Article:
It’s the first time I’ve used Caron Cakes and I’m really happy with the yarn. This one is Cookies & Cream and I have half a ball left (any project ideas for a half cake would be welcome!). It was fun waiting for the colours to change. I have a couple of balls of Rainbow Sprinkles too and am currently torn between hooking up a fitted, cap-sleeved shrug or a bag…oh happy decisions, decisions!

Speaking of rainbows, this week I’ve also finished another of Haafner Linssen’s patterns from her beautiful book Mandalas to Crochet, currently one of my favourite crochet books. This one is called Starry, Starry Night. 

Makes me smile to look at it πŸ™‚ I was going to get right back into finishing my block blanket today but I think I’ll be unable to resist starting another of these mandalas first – they are such a lovely crochet fix! I have put a sticky note on ‘Bewitching Basketweave’, which looks like it will be an interesting make. It has a lot of post stitches which I’m developing a real liking for through my work on Sophie’s Garden. More on that next week πŸ™‚

The Crocheter’s Skill-Building Workshop Chapters 1-3

I purchased The Crocheter’s Skill-Building Workshop by Dora Ohrenstein last year and while I have enjoyed simply browsing through it very much – nothing like a good crochet book and a cuppa, with or without a hook! – it’s time to up my game and read it properly and with intent.

There are over seventy-five swatch patterns included in this guide to honing one’s crochet skills, and I already love this hands-on approach to learning. The book has had rave reviews and Ohrenstein is clearly very highly regarded within the industry. She’s also easy to read and her tone is warm and encouraging to boot.

Chapter One is all about yarn for crocheting – its history, the varied sources, manufacturing processes, spinning, twisting, weights, specialty and hand-dyed yarns, fabric and drape. A wealth of information! There is clear discussion about how best to select yarn for a project based on its properties and the desired outcome in terms of drape. I have learned so much, and I thoroughly enjoyed hooking the Medium and Very Open Lace swatches that the author uses to illustrate this point.

Swatch patterns throughout the book are presented in both written and chart form. I am less familiar with charts but nevertheless found myself using the chart only by the end of the second swatch. There’s no doubt that the ability to read charts is extremely useful – not least if the project you long to attempt is written in Japanese only and that’s not one of your languages, for example! – and being able to learn to read charts while making these many small swatches is to my mind a fabulous added bonus.

Chapter Two is all about the tools of our addiction πŸ™‚ The author explores the anatomy of the hook and the many choices we have in terms of the materials they are made from and the variations in shape of the component parts. I myself prefer ergonomic handles, and most specifically Clover Amours, or as a reasonably close second, Knitpicks ergonomics. I’m awaiting delivery of an Addi Swing ordered recently on a whim and am excited to try it. Ohrenstein encourages us to try different hooks before becoming too set in our ways, so I’m already heeding that advice! I’d love the fancy blocking board described in this chapter, but for now I’m managing ok with my DIY effort – a kids kickboard and bamboo cooking skewers πŸ™‚ I have never heard of the T-pins detailed here – certainly they are more pleasing to the eye than my skewers! Something else for my ever-growing crochet wish list…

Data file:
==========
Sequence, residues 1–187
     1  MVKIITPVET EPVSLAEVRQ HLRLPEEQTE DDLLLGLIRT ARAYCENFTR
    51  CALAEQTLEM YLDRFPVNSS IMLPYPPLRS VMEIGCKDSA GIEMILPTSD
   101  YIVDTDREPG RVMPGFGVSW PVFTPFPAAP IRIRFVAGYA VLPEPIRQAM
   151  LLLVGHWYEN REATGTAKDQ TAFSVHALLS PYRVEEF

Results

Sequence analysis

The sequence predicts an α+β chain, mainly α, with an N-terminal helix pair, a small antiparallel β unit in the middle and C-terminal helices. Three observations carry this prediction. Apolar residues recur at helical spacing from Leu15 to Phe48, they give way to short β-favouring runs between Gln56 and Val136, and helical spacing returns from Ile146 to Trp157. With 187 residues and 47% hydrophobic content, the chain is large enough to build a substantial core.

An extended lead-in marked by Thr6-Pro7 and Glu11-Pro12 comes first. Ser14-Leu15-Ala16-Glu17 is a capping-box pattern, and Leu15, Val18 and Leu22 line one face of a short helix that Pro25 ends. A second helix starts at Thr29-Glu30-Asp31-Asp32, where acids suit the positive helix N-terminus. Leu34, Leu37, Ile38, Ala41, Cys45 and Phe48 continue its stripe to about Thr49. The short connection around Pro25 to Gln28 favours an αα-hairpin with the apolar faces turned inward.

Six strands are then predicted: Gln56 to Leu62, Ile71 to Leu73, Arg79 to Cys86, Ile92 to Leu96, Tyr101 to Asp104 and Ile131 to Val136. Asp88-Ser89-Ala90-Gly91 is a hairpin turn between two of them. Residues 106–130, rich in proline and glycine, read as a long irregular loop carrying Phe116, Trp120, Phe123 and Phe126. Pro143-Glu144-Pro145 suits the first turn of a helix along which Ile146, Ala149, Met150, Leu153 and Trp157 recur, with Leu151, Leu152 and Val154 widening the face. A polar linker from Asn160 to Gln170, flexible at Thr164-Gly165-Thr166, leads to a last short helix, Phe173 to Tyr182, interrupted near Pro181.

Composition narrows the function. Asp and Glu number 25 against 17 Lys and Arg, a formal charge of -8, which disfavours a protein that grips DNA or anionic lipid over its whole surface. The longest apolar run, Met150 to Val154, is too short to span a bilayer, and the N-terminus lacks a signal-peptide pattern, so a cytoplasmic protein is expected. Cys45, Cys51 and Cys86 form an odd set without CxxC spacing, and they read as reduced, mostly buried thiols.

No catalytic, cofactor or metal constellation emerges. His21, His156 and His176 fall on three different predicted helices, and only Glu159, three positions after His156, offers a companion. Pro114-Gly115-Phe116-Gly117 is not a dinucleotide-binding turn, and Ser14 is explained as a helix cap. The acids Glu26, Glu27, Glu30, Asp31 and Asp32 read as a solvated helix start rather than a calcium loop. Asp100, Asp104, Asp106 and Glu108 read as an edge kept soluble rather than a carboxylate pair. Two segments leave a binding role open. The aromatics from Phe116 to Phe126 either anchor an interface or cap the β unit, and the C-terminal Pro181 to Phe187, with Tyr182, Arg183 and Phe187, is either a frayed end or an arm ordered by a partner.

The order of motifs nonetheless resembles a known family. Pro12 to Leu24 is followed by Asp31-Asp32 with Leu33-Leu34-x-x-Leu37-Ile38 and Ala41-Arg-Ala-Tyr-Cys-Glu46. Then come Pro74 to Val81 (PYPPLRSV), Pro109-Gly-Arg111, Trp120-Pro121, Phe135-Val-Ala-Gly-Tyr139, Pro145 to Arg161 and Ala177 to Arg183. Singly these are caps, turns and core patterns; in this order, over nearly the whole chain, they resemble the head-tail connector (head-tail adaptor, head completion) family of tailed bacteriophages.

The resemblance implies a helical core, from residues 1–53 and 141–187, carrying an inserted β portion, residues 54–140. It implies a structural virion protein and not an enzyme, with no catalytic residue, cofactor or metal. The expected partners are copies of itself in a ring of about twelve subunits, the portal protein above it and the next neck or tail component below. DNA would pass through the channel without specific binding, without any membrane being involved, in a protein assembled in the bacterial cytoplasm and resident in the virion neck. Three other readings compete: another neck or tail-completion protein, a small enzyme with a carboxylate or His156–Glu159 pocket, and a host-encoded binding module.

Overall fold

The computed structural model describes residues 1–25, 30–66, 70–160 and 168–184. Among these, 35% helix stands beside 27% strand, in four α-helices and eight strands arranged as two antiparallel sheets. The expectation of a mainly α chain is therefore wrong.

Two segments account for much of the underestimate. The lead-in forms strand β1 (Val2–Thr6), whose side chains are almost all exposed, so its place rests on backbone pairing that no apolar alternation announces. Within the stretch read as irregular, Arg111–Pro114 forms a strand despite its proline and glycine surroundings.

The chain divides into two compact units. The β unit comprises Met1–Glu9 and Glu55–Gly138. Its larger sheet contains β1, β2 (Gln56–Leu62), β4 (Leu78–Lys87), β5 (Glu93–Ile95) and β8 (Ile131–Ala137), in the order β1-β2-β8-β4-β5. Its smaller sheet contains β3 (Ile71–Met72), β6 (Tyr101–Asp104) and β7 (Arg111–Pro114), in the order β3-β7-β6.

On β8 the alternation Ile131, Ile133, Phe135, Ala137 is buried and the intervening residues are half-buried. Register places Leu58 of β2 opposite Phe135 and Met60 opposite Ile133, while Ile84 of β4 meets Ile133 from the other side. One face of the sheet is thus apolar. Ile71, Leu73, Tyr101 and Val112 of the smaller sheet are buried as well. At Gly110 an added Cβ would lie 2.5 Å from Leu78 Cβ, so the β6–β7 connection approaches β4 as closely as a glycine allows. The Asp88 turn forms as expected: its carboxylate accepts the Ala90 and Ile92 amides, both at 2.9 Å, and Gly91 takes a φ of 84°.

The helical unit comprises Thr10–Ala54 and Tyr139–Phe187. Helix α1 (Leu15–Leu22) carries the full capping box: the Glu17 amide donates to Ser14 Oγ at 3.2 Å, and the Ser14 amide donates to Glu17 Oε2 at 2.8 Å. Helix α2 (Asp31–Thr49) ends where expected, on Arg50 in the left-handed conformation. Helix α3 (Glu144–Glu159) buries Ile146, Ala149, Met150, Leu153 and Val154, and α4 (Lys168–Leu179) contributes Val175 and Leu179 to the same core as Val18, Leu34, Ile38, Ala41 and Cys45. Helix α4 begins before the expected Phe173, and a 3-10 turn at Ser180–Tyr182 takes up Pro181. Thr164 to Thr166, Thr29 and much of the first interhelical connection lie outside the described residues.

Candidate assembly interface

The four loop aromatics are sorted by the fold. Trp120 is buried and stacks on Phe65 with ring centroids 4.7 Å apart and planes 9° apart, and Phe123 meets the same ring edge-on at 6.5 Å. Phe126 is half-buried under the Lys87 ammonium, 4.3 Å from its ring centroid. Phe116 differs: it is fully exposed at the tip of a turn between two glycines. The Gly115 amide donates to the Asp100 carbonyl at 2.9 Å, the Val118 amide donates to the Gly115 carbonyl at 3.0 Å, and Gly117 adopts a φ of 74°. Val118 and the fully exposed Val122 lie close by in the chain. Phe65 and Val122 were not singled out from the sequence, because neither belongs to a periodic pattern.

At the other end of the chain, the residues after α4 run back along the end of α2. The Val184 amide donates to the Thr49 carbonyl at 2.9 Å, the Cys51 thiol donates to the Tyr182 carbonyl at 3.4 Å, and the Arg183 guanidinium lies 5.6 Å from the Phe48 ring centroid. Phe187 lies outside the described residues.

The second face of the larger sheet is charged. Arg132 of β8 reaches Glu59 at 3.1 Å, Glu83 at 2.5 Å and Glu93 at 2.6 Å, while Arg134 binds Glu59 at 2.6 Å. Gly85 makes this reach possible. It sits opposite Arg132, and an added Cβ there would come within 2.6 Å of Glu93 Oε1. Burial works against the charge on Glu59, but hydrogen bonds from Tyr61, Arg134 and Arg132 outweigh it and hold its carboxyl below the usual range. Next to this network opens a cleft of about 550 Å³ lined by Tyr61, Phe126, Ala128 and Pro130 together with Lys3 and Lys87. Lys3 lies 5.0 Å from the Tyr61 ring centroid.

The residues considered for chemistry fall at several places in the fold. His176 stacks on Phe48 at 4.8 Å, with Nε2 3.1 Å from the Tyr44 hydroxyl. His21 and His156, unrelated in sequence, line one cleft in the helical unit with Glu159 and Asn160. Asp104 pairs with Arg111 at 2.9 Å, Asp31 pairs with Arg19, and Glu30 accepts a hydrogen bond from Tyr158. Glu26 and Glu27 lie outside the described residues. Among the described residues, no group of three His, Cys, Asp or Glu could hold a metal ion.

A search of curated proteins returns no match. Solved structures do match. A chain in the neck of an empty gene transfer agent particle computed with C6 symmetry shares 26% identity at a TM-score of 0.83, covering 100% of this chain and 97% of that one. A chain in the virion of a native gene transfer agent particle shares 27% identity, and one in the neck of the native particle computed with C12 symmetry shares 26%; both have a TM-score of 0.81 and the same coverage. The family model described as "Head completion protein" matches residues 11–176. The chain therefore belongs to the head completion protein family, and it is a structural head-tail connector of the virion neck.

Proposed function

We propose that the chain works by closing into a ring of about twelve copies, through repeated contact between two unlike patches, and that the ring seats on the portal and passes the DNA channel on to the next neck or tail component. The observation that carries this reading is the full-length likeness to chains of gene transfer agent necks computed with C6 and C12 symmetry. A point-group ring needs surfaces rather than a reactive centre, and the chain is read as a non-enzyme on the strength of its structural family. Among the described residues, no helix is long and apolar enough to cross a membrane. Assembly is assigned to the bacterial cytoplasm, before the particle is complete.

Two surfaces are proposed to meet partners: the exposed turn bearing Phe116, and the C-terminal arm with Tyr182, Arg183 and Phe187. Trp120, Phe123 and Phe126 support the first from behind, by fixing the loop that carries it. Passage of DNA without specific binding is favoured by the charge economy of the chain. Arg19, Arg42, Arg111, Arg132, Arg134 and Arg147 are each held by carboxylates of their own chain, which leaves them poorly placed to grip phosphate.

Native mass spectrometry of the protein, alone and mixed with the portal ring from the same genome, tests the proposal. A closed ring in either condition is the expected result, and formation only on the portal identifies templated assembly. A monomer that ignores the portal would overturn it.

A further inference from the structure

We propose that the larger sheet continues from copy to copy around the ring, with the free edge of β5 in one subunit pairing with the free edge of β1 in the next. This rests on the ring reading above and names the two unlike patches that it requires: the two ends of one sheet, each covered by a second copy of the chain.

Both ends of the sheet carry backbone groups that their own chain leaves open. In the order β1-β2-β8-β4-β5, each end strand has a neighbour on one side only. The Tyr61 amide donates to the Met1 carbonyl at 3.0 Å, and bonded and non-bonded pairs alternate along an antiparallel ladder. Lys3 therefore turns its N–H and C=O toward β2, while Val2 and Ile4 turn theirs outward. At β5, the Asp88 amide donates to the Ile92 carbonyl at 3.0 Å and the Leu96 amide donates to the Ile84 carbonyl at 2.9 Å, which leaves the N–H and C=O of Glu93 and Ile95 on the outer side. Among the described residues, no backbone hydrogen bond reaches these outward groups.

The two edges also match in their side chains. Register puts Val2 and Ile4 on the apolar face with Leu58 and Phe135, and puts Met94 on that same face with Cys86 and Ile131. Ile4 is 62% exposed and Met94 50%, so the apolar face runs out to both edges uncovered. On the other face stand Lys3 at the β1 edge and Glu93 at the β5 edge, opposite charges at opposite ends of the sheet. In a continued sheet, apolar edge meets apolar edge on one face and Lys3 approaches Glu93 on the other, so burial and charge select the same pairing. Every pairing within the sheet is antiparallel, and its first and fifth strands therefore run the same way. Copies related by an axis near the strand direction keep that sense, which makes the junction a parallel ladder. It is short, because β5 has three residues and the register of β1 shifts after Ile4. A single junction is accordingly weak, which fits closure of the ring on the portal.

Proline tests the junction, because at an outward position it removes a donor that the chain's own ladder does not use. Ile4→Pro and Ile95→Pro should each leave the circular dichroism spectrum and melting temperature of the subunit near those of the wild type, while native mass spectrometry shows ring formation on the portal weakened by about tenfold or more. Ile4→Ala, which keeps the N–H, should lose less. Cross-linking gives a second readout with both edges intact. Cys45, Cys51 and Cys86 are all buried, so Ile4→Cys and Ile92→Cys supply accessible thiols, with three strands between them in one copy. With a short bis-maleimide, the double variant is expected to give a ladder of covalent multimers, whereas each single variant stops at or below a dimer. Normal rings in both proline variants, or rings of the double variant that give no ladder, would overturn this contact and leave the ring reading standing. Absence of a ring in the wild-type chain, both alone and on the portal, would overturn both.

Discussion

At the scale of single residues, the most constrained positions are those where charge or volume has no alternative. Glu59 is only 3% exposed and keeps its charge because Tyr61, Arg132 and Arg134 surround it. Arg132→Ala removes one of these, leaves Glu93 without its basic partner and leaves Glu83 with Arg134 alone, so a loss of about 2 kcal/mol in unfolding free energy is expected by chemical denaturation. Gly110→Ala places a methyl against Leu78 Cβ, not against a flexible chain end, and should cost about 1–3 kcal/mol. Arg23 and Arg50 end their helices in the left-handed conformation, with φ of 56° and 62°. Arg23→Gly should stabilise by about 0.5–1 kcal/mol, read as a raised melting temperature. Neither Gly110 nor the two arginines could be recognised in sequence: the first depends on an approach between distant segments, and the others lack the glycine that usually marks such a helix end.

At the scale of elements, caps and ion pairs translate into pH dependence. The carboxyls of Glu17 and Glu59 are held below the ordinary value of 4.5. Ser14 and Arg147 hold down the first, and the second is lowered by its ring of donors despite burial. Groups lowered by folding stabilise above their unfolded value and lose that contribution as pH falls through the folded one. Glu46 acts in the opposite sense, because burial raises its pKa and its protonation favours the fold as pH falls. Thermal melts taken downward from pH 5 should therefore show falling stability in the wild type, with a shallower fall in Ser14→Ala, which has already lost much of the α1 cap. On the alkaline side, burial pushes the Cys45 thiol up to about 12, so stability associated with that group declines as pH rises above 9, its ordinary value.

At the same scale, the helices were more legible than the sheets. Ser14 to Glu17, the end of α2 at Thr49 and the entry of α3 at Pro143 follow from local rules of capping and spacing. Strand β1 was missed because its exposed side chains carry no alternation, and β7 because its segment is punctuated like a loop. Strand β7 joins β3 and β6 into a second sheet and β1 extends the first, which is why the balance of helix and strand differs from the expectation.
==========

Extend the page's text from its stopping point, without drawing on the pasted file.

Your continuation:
Chapter Three is all about tension. I was most encouraged to read that one’s tension can be adjusted, it is not a style set in stone! I struggle with too tight tension in more intricate stitch patterns and I am already managing to loosen it by adjusting how deep onto the hook I pull the yarn. Focusing on the minute maneuvers that make all the difference – for example swiveling the hook so it points down – has neatened my starting chains too.

Hand health is also covered here, such an important topic for the addicts amongst us. Having been forced to go crochet cold turkey for a few months recently due to RSI, it’s a topic I will cover in more depth in another post. However, right now I’m returning to Chapter Four, Fundamental Techniques. There are a fair few very interesting looking swatch patterns in this section, which I hope to be able to share with you very soon πŸ™‚

You can purchase The Crocheter’s Skill-Building Workshop from all good online bookstores. I always buy from Book Depository, so that’s where I link to. I am not affiliated with the author or publisher in any way. I do receive a small commission from Book Depository for any sales resulting from this post. I put it towards more lovely crochet books πŸ™‚

Wip Wednesday – Sophie’s Garden

This week I’ve both started and finished (!?) a project – an infinity scarf in Caron Cakes which I’m delighted with, and will share later in the week. I also decided to increase the size of my block blanket, so that’s going to be a wip into next week now. I promised myself I wouldn’t start anything else major until the blanket was finished. However! I just couldn’t wait any longer to begin Sophie’s Garden!

Sophie’s Garden became Sophie’s Universe, which I now know without doubt will be my next big project because I’m just loving hooking this!! I’ll be working the Universe in dk – I’m currently eagerly and most impatiently awaiting my first delivery of Stylecraft Special DK!! – but my Garden is in fingering (Moda Vera Gelato and Patons Regal 4ply Cotton) with a 3mm hook.

It is such a beautiful, clever and intricate pattern, with the most amazingly detailed, helpful instructions. I am in awe of the amount of effort and loving care that clearly went into its creation. Concentration and focus is required and it’s not something that can be done when I’m tired or in the company of small children – a little limiting given I’m a stay at home mum to a preschooler plus one school age! But I’ve found my Sophie window in the hour after my daughters go to bed, and I will patiently hook (and frog haha) a little Sophie love each and every evening, for as long as it happily takes ☺